Calcutta Karma

By Mark Sconce

calcutta karma


My friend Richard and I finished our business in Calcutta and decided to take the train home to Nepal where both of us were engaged as Peace Corps Volunteers. Well into our second year, we were seasoned enough to get along both in Hindi and Nepali. Adventurous by nature, Richard and I decided on a lark to travel to the Indian/Nepali border third class. Some would call it slumming; we called it cultural immersion.

The overnight trip began in the Calcutta train station whose platforms were crowded with weary travelers and homeless men sleeping on the bare concrete, families sitting together for a meal of rice, lentils, and chapattis, the Indian bread. A legion of hawkers navigated carefully through the crowd peddling everything from spiced chai to betel nuts and little bidi cigars.

Our third-class tickets in hand, we boarded the Lucknow Express at dusk, a train that had seen better days during the British Raj. It was no surprise that we were the only sahibs in third class, but we were welcomed by the ragged, the infirm, and the lower castes. There were no passenger seats, only bunk beds stacked three high on either side of the car, and we took the topmost beds for the long night ride. Folks settled in for the night, some with animals, some with bad dreams.

Our iron horse sped along at a clickety-clack 60 miles-an- hour into a very black night with no electric lights. Unable to sleep much, I flicked my lighter to study my watch and noted three am. Snorts, snores and wheezes filled the cabin. Richard saw the light and whispered let’s go into the vestibule for a smoke. We made our way into the enclosed space between cars where we could talk out loud without being heard and smoke some ganja, which Richard had thoughtfully purchased in a Calcutta bazaar.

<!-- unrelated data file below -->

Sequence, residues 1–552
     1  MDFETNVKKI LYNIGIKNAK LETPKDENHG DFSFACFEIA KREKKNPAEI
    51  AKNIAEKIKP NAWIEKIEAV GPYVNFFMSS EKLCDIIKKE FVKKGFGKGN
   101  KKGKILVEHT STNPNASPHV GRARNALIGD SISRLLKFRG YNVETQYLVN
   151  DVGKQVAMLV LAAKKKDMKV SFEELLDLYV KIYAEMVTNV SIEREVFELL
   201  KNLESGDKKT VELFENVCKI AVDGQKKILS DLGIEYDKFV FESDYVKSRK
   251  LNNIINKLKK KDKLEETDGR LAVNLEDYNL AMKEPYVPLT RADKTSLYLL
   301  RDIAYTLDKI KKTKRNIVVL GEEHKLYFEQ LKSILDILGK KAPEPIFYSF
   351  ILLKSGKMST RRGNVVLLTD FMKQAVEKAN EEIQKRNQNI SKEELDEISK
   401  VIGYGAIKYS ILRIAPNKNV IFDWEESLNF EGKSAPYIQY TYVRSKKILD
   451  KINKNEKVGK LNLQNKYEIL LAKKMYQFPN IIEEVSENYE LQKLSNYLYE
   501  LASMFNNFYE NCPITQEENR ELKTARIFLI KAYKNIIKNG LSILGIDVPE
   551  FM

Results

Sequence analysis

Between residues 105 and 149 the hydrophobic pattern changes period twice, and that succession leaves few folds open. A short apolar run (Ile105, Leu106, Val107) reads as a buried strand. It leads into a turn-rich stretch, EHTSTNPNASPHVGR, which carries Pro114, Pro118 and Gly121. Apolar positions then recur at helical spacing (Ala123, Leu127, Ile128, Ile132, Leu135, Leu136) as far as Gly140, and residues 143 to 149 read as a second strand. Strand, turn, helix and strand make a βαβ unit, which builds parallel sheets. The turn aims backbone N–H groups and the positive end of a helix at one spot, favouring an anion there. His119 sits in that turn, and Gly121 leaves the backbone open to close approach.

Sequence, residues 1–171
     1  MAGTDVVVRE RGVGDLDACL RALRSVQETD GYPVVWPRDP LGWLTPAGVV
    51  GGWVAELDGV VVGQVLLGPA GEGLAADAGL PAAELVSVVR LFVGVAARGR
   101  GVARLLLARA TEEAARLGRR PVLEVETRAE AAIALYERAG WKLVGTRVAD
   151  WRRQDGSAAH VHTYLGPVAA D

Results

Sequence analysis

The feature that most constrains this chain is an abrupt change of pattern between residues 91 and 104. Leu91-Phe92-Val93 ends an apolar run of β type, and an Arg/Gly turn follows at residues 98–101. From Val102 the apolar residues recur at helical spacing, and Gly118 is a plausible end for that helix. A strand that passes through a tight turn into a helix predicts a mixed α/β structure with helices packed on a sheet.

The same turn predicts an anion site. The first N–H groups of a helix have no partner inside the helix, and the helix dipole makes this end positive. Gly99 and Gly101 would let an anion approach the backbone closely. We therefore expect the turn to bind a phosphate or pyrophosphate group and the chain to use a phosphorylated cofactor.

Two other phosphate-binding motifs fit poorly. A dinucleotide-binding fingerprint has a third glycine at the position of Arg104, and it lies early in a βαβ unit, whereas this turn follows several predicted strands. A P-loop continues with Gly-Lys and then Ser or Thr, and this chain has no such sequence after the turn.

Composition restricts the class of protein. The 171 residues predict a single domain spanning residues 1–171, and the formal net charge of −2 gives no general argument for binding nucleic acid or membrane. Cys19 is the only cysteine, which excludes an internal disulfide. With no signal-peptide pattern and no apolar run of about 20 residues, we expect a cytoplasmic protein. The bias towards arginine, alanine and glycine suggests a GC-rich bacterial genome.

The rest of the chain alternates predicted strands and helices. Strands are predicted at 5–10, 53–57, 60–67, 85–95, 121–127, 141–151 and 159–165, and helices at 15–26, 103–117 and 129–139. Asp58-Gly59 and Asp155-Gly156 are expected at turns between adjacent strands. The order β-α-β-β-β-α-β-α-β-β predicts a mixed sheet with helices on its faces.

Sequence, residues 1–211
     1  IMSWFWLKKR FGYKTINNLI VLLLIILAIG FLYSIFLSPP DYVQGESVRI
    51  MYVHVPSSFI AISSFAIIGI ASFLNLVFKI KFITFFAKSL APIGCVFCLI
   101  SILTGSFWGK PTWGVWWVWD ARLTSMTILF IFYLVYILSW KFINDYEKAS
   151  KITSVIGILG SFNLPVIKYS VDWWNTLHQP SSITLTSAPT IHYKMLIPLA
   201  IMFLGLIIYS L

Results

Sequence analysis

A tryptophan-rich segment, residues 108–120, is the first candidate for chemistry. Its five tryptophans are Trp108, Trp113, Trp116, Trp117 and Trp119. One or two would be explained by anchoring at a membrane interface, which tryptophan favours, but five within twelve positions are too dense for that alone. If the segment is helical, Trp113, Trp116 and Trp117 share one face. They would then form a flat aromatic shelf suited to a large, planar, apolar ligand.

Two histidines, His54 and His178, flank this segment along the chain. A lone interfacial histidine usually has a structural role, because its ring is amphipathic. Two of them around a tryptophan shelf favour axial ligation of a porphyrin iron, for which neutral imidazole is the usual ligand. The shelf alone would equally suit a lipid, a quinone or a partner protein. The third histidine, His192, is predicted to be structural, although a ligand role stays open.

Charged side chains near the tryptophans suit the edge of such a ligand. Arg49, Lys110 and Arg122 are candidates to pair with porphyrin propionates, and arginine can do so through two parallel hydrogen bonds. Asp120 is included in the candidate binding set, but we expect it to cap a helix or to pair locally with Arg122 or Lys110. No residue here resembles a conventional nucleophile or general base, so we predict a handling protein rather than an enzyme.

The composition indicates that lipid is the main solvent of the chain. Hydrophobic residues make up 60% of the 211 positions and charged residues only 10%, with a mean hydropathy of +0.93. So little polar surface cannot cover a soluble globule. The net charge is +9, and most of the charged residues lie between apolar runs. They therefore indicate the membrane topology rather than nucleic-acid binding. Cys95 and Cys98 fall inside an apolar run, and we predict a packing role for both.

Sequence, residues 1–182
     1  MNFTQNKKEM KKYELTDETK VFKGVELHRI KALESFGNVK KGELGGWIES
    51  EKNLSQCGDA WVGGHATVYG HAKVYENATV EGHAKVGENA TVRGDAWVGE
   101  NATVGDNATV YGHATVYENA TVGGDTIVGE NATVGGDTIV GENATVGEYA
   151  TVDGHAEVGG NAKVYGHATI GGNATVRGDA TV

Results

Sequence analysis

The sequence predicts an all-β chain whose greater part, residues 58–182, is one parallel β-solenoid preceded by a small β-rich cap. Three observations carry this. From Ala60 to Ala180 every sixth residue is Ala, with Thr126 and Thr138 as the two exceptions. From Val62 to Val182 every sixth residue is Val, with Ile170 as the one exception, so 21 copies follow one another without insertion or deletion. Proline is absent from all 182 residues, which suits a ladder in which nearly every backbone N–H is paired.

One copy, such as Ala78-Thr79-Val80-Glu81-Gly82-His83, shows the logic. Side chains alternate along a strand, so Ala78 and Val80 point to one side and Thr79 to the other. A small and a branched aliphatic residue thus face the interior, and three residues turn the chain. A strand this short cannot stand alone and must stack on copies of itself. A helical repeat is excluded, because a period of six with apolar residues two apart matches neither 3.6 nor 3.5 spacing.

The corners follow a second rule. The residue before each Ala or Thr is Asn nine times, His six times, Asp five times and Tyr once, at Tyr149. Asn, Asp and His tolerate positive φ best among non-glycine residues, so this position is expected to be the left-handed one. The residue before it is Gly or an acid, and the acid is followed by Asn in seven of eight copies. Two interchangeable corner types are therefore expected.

A few tokes and we began to appreciate the speed and rhythm of the train careening north and laugh about our silly adventure. Suddenly, Richard’s jaw dropped, his eyes stared, and he pointed to the outside window. I looked behind me and gasped. There hung a man upside down on the outside of the window with a frantic expression and frenzied finger pointing at the door handle. We sprang to the window, threw open the latch and hauled Ram Bahadur into the vestibule.

He was frightened, sooty, thirsty, hungry and grateful all at once.

“Namaskar, Sahib! Shukriya! Shukryia!” he blurted, his palms pressed together. We retrieved some water and shared our munchies. Realizing that we saved him from certain death, he felt compelled to tell us his story. He, like many other Indians, can’t afford rail tickets and, as trains leave the station, they climb to the roof where they hitch a ride to towns along the way.

Our fellow, whose name was Ram Bahadur Mukerjee, fell asleep on the roof. He awoke just as he was falling off the edge but managed to brake his descent into death by catching a guard rail with his feet and ankles thus explaining why he hung upside down. His middle name, Bahadur, means brave, and we thought, how apt…

The engine whistled just then as though to celebrate our victory over death. Richard wondered if Ram’s rescue would increase our Karma. We passed the pipe around and laughed, almost hysterically.


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